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Efficient intracellular delivery of proteins by a multifunctional chimaeric peptide in vitro and in vivo

Abstract

Protein delivery with cell-penetrating peptide is opening up the possibility of using targets inside cells for therapeutic or biological applications; however, cell-penetrating peptide-mediated protein delivery commonly suffers from ineffective endosomal escape and low tolerance in serum, thereby limiting in vivo efficacy. Here, we present an intracellular protein delivery system consisting of four modules in series: cell-penetrating peptide, pH-dependent membrane active peptide, endosome-specific protease sites and a leucine zipper. This system exhibits enhanced delivery efficiency and serum tolerance, depending on proteolytic cleavage-facilitated endosomal escape and leucine zipper-based dimerisation. Intravenous injection of protein phosphatase 1B fused with this system successfully suppresses the tumour necrosis factor-α-induced systemic inflammatory response and acetaminophen-induced acute liver failure in a mouse model. We believe that the strategy of using multifunctional chimaeric peptides is valuable for the development of cell-penetrating peptide-based protein delivery systems, and facilitate the development of biological macromolecular drugs for use against intracellular targets.

Introduction

Development of bio-macromolecular drugs become a trend in the expansion of drugs, and these drugs have the advantages of high activity and specificity1, low toxicity2 and a wide range of target molecules3. Compared to genetic-manipulating drugs, protein-based therapeutics show faster action, greater controllability of the functional intensity and duration, and no genetic toxicity4. However, the application of protein therapeutics is limited by the poor cell membrane permeability of the agents. One method for protein delivery into cells involves using cell-penetrating peptides (CPPs), which can deliver protein cargos into cells through a non-invasive route and has many appealing applications both in vitro and in vivo5. Several CPP-based therapeutics have been entered into phase III clinical trials6.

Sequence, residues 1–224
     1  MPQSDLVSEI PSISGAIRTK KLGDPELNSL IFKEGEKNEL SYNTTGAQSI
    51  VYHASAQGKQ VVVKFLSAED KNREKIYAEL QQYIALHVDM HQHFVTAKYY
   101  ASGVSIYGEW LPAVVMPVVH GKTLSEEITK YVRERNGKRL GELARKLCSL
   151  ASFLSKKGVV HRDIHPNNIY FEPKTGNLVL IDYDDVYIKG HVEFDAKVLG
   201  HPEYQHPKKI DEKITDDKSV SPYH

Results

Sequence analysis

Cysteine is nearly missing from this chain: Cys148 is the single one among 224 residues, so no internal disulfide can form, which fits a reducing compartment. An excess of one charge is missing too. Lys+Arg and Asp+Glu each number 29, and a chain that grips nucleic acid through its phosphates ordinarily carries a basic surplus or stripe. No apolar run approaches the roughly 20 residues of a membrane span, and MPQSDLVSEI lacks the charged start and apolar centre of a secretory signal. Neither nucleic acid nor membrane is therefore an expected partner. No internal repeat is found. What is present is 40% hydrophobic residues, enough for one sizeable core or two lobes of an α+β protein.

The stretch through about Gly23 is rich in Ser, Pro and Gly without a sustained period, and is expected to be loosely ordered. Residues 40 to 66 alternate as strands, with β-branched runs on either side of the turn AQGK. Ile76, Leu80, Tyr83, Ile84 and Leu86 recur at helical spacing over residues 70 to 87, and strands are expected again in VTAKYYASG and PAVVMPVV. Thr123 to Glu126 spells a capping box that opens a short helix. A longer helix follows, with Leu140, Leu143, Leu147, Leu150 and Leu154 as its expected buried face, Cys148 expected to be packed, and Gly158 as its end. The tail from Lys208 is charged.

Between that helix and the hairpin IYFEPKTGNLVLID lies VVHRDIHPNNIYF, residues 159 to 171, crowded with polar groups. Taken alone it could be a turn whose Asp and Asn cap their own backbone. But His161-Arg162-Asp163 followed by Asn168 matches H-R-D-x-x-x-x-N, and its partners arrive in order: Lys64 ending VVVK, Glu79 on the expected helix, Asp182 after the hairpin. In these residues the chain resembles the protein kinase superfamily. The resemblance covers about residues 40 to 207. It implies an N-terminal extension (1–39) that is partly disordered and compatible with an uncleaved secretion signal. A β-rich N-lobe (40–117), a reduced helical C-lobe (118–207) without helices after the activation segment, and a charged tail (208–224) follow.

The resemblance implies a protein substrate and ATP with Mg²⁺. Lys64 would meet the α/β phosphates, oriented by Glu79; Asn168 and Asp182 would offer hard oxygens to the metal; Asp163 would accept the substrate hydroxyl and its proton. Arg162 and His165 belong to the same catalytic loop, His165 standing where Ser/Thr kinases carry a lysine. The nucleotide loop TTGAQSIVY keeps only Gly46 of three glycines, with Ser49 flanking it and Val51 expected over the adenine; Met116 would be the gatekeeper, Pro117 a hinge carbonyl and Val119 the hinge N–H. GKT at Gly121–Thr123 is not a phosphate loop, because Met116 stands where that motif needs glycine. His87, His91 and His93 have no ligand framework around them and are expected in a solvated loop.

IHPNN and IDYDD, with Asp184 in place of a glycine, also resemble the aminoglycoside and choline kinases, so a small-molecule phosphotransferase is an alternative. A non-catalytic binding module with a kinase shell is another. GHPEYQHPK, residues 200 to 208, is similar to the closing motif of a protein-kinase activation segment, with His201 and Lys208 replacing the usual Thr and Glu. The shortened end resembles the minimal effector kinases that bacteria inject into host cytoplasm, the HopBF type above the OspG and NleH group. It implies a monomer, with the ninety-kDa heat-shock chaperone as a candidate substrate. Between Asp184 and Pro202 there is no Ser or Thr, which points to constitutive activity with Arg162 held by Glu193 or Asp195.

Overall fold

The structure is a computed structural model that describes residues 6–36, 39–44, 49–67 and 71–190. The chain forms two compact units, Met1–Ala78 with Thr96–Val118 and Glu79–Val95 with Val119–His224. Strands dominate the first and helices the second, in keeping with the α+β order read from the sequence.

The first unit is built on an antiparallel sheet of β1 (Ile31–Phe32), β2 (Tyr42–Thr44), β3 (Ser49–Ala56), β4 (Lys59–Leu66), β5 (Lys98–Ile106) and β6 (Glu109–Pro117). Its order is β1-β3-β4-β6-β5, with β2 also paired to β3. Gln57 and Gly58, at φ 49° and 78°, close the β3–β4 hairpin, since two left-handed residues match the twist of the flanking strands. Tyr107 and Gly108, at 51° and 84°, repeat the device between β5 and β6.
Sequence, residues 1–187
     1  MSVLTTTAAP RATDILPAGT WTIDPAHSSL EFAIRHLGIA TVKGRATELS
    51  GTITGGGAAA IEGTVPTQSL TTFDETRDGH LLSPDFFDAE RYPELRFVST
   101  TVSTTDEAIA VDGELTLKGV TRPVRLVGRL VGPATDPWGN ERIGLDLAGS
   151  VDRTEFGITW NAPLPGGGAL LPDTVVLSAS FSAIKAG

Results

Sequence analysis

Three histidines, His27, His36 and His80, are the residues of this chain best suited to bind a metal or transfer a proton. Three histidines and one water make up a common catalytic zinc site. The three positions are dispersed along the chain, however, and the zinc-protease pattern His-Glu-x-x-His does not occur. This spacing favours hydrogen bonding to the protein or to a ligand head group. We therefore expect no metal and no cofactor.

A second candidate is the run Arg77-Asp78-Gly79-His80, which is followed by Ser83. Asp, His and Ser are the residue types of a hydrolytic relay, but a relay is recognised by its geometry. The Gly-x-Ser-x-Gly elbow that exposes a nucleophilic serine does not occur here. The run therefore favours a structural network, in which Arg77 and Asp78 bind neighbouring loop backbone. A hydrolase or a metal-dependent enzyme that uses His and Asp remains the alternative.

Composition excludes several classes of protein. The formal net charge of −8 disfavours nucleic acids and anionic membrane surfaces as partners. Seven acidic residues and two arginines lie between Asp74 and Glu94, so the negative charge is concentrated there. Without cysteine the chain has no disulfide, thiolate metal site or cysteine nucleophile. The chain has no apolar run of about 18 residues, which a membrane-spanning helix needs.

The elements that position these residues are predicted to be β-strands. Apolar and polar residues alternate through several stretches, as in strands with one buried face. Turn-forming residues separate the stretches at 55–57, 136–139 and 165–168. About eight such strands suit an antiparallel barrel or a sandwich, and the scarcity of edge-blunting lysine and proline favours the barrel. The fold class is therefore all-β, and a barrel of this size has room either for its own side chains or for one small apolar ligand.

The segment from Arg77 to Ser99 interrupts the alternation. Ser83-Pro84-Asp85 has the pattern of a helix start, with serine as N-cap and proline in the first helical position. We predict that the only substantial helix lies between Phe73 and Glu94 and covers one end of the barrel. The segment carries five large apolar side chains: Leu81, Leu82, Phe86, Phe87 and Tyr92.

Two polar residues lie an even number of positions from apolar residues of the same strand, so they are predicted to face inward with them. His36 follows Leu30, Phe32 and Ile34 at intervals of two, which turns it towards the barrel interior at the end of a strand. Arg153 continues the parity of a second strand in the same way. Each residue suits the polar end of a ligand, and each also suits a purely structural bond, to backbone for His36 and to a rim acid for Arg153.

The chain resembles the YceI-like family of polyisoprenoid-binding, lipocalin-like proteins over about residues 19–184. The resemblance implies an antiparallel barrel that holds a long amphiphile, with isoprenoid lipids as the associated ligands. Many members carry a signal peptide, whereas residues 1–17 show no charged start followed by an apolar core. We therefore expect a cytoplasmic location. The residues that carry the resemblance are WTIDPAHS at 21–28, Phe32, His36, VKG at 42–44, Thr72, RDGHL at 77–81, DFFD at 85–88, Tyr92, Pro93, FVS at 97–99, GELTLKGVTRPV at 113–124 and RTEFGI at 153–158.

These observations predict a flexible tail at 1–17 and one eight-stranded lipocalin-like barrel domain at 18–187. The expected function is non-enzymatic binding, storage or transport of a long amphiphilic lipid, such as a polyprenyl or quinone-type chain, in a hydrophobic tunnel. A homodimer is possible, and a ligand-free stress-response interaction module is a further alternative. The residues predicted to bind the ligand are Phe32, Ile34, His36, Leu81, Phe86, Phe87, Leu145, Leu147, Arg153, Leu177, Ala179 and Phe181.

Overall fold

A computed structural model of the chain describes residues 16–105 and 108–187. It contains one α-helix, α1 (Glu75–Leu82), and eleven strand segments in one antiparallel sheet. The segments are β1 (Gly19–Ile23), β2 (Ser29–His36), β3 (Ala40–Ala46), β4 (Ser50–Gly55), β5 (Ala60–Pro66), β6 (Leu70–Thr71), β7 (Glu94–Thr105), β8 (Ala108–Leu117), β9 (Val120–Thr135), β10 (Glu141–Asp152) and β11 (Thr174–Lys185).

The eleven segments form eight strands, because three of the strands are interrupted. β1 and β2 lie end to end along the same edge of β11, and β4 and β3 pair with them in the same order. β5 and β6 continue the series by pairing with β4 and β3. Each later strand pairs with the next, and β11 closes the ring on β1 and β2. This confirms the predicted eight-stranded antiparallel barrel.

However, critical challenges have hindered CPP-based intracellular delivery. The principal challenge involves endosomal entrapment. After endocytosis is mediated by CPPs, the majority of the cargos (e.g. ~99% in the delivery of Cre recombinase)7 are entrapped inside endosomes and eventually targeted and delivered to the lysosome for degradation8,9. Although pH-dependent membrane active peptides (PMAPs) are employed to disrupt the endosomal membrane, the efficiency of endosomal escape remains low10. This outcome may be due to the interaction between CPP or PMAP and the endosomal membrane. Accordingly, the efficient endosomal escape of fused cargos can be realised by removing fused cargo from CPP-PMAP in endosomes. Another challenge involves low serum tolerance, evident by sharply decreased delivery efficiency in the presence of high concentrations of serum11, which severely limits its application in situations in which serum exposure is unavoidable, particularly for in vivo applications. It has been previously speculated that the suppressed cellular uptake is mainly caused by the binding of CPPs to negatively charged molecules in serum, such as albumin12,13. A multivalent CPP strategy14, such as use of a branched peptide system15 and attaching a protein oligomerization domain (e.g. p53tet)16 to CPPs, may increase the local concentration of peptides that can actually interact with cellular membrane components, which may reduce the competitiveness of albumin in serum.